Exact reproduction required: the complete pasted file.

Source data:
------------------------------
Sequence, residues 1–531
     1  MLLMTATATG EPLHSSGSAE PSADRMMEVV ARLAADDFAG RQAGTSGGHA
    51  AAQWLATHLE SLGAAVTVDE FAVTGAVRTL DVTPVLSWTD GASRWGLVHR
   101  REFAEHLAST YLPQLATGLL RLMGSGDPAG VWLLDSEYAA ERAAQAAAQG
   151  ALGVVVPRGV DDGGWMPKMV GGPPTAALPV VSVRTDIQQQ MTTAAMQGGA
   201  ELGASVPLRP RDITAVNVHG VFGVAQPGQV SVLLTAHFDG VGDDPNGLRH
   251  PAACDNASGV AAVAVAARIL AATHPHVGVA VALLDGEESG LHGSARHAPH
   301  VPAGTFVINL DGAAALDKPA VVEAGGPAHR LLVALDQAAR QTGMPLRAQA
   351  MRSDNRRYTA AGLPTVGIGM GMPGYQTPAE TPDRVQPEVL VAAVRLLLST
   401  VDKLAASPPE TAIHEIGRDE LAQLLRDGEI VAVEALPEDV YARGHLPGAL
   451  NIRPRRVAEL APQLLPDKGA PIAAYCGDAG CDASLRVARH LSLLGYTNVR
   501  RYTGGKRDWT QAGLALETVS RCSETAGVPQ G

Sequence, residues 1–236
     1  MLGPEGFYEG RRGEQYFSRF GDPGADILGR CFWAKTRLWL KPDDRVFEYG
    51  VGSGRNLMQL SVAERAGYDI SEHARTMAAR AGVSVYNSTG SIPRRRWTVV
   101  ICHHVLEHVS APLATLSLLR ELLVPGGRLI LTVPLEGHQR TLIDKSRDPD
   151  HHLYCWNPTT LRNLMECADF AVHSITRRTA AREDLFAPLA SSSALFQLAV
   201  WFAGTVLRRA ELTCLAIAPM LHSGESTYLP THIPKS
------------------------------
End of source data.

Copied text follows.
Sequence, residues 1–531
     1  MLLMTATATG EPLHSSGSAE PSADRMMEVV ARLAADDFAG RQAGTSGGHA
    51  AAQWLATHLE SLGAAVTVDE FAVTGAVRTL DVTPVLSWTD GASRWGLVHR
   101  REFAEHLAST YLPQLATGLL RLMGSGDPAG VWLLDSEYAA ERAAQAAAQG
   151  ALGVVVPRGV DDGGWMPKMV GGPPTAALPV VSVRTDIQQQ MTTAAMQGGA
   201  ELGASVPLRP RDITAVNVHG VFGVAQPGQV SVLLTAHFDG VGDDPNGLRH
   251  PAACDNASGV AAVAVAARIL AATHPHVGVA VALLDGEESG LHGSARHAPH
   301  VPAGTFVINL DGAAALDKPA VVEAGGPAHR LLVALDQAAR QTGMPLRAQA
   351  MRSDNRRYTA AGLPTVGIGM GMPGYQTPAE TPDRVQPEVL VAAVRLLLST
   401  VDKLAASPPE TAIHEIGRDE LAQLLRDGEI VAVEALPEDV YARGHLPGAL
   451  NIRPRRVAEL APQLLPDKGA PIAAYCGDAG CDASLRVARH LSLLGYTNVR
   501  RYTGGKRDWT QAGLALETVS RCSETAGVPQ G

Sequence, residues 1–236
     1  MLGPEGFYEG RRGEQYFSRF GDPGADILGR CFWAKTRLWL KPDDRVFEYG
    51  VGSGRNLMQL SVAERAGYDI SEHARTMAAR AGVSVYNSTG SIPRRRWTVV
   101  ICHHVLEHVS APLATLSLLR ELLVPGGRLI LTVPLEGHQR TLIDKSRDPD
   151  HHLYCWNPTT LRNLMECADF AVHSITRRTA AREDLFAPLA SSSALFQLAV
   201  WFAGTVLRRA ELTCLAIAPM LHSGESTYLP THIPKS